Richard Strauss • Der Rosenkavalier
Comedy for music in three acts
Libretto by Hugo von Hofmannsthal (1874–1929)
Music by Richard Strauss (1864–1949)
With German and English surtitles
Duration of the opera approx. 4 hours and 25 minutes.
- 23 August 2015, 18:00
- 26 August 2015, 18:00
- 28 August 2015, 18:00
Print programme (PDF)
Krassimira Stoyanova, The Feldmarschallin, Princess Werdenberg
Günther Groissböck, Baron Ochs auf Lerchenau
Sophie Koch, Octavian
Adrian Eröd, Herr von Faninal
Golda Schultz, Sophie
Silvana Dussmann, Marianne Leitmetzerin
Rudolf Schasching, Valzacchi
Andeka Gorrotxategi, A Singer
Wiebke Lehmkuhl, Annina
Tobias Kehrer, A Police Inspector
Franz Supper, The Marschallin's Major-Domo
Martin Piskorski, Faninal's Major-Domo
Dirk Aleschus, A Notary
Roman Sadnik, An Innkeeper
Federica Lombardi*, Catriona Morison*, Dara Savinova*, Three Noble Orphans
Claire de Sévigné*, A Milliner
Goran Cah*, A Vendor of Pets
Franz Gruber, Friedrich Springer, Jens Musger, Won Cheol Song, Four Flunkies/Waiters
Rupert Grössinger, Leopold
Members of the Angelika Prokopp Sommerakademie of the Vienna Philharmonic, Stage Music
Concert Association of the Vienna State Opera Chorus
Salzburger Festspiele und Theater Kinderchor
* Member of the Young Singers Project
It is one of the most famous monologues in the whole history of opera: at the end of the opening act of Der Rosenkavalier, the Marschallin – no longer in the first flush of youth – reflects on growing old and on the transience of all that exists in this world. She bows to the inevitable in a spirit of melancholy, but without any bitterness. And she knows only too well that her seventeen-year-old lover, Octavian Count Rofrano, will leave her sooner or later ‘for the sake of another, younger and prettier than I’.
Time, the passage of which so exercises the Marschallin, is the subject of Strauss’s and Hugo von Hofmannsthal’s opera Der Rosenkavalier on another level too, namely, historical time. First performed in Dresden in 1911, the opera is set during the early years of the reign of Maria Theresa. And yet neither the composer nor his librettist was concerned with an authentic reconstruction of the past. Looking back on the work from a later vantage point, Hofmannsthal spoke of a ‘secret wish to create a semi-imagined, semi-real whole’, a ‘Vienna of 1740’ that would evoke the past and at the same time point to the present. As early as 1911 he had noted that ‘there is more of the past in the present than people suspect, and neither the Faninals of this world nor the Rofranos nor the Lerchenaus have died out’.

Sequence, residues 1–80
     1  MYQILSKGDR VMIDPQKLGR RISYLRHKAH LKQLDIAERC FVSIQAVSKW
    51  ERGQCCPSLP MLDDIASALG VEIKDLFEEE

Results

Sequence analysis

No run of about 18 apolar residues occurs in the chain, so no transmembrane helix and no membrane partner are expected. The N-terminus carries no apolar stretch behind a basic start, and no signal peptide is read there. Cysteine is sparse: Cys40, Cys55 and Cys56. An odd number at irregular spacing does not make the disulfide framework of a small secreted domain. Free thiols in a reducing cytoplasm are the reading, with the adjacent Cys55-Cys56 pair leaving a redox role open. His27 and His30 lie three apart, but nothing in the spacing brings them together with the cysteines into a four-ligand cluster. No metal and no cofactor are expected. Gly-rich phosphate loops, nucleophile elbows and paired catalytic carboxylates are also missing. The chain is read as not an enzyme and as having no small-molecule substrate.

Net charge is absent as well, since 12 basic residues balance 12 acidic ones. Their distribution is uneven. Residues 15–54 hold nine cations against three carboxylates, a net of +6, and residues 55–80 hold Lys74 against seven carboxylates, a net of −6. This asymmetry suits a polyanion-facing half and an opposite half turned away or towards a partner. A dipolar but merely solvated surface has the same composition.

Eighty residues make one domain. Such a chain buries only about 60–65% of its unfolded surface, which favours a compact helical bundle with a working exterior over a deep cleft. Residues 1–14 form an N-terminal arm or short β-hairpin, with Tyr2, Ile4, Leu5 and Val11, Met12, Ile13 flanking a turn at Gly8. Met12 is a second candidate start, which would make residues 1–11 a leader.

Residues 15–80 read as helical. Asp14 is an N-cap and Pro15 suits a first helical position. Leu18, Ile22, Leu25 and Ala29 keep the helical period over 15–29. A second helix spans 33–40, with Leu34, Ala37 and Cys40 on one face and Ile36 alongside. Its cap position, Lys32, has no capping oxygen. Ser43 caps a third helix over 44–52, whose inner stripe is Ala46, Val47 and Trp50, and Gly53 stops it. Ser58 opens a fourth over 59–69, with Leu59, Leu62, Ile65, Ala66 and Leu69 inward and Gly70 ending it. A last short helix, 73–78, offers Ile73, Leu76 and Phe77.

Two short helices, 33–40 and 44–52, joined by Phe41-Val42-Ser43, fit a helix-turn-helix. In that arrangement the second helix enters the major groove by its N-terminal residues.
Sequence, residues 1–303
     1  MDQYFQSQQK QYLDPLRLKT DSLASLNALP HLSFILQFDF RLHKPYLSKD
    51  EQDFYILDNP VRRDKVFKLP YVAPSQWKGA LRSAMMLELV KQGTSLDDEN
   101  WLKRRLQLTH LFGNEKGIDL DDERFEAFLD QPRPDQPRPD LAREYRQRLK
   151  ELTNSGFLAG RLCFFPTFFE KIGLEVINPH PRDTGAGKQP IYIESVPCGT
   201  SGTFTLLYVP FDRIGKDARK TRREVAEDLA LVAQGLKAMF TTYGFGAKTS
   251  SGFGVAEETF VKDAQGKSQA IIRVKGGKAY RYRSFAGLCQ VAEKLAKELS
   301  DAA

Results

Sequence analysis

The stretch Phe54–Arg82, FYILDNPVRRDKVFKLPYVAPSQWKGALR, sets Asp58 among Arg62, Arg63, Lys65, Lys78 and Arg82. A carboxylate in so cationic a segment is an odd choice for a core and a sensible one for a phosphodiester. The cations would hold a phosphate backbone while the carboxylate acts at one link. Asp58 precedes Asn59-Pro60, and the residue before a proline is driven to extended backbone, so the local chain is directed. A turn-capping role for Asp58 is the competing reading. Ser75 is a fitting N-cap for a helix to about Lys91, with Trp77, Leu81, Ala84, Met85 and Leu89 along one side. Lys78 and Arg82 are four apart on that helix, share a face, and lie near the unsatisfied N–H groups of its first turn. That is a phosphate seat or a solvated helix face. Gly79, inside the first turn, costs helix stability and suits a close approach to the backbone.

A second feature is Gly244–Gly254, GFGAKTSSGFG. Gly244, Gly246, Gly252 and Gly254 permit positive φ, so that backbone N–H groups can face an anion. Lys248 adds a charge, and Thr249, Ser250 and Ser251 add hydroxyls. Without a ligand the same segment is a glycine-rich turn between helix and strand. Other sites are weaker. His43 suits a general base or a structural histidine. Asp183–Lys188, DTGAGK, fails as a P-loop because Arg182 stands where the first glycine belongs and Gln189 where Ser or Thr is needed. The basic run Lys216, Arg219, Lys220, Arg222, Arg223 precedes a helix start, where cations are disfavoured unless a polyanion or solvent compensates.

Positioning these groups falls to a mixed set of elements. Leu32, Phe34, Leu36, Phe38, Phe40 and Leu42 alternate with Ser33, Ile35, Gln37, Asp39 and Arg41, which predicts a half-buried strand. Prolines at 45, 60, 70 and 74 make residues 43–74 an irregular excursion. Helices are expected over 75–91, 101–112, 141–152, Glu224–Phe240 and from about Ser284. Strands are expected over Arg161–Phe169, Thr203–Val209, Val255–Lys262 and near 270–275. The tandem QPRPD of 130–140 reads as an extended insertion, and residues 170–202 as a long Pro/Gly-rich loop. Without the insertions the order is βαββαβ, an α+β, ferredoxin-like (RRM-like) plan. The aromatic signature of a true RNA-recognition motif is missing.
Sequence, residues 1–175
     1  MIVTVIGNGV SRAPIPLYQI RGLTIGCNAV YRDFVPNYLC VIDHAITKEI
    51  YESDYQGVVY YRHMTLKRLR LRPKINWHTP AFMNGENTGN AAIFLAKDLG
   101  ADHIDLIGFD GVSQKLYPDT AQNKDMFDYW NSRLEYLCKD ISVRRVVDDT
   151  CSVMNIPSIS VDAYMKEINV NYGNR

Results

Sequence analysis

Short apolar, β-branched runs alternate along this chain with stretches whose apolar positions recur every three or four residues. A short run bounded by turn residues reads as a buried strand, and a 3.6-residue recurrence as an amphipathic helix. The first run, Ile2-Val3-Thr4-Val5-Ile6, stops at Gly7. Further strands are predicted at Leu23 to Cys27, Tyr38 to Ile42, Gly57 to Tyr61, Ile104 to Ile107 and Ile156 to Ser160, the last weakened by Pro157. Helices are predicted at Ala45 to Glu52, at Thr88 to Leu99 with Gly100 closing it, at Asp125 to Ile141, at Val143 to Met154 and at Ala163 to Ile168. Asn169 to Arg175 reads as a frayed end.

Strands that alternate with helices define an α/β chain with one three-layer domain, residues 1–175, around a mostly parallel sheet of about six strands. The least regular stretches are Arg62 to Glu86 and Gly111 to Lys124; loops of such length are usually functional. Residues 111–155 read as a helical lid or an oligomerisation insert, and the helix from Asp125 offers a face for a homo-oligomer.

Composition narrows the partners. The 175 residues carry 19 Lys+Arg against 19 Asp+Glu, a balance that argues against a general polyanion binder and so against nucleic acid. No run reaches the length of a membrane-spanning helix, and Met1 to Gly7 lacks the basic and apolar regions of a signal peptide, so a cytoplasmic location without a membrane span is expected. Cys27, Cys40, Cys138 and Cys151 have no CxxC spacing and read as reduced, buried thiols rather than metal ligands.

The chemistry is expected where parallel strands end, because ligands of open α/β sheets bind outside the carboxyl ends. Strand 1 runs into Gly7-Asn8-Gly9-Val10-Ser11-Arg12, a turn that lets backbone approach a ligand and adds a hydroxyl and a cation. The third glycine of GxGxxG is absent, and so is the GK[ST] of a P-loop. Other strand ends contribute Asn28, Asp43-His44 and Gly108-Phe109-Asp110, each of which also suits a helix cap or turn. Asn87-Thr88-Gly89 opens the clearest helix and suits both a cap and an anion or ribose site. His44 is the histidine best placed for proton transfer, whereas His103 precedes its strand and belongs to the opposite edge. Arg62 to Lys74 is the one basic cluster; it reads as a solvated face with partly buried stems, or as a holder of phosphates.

For the director Harry Kupfer, too, Der Rosenkavalier tells a story that is clearly related to the time of the opera’s genesis, a time of change marked by the end of the Imperial and Royal Austro-Hungarian Monarchy. As a result his production avoids the sort of Rococo ornamentation and powdered wigs that have long left their mark on the work’s performing tradition and that risk obscuring the subtle portrayal of the characters and their relations with each other by seeming to place those characters in a museum. Although Hofmannsthal’s libretto takes as its starting point stereotypical figures familiar from Molière’s comedies and from other historical sources, including the typically conceited and uncouth member of the landed gentry, the rich social upstart, the young lovers, the intriguers and so on, the outer and inner relationships between these different characters are combined with a sensitivity and psychological penetration typical of fin-de-siècle literature. Regardless of his historical quotations, Hofmannsthal reveals himself very much as a child of his time. The simple basic action of his ‘comedy for music’, which does not shy away from burlesque elements, is harnessed together with the sort of themes that repeatedly dominated his thinking: themes such as transience, farewell and inner ‘transformation’.
The multiple standpoints that characterize the libretto are also found in Strauss’s score. Even in those passages that ‘quote’ the 18th century, the composer was by no means interested in creating an authentic stylistic copy. Instead, he reveals a virtuoso skill at integrating historical allusions into his own modernist style and at merging the past with the present. And like Hofmannsthal he was also keen to conjure up an ideational, mythically charged and perhaps even nostalgic picture of Vienna, a point clear not least from the waltzes that pervade large sections of the score and that would of course have been an anachronism in the Vienna of Maria Theresa.
Translated by Stewart Spencer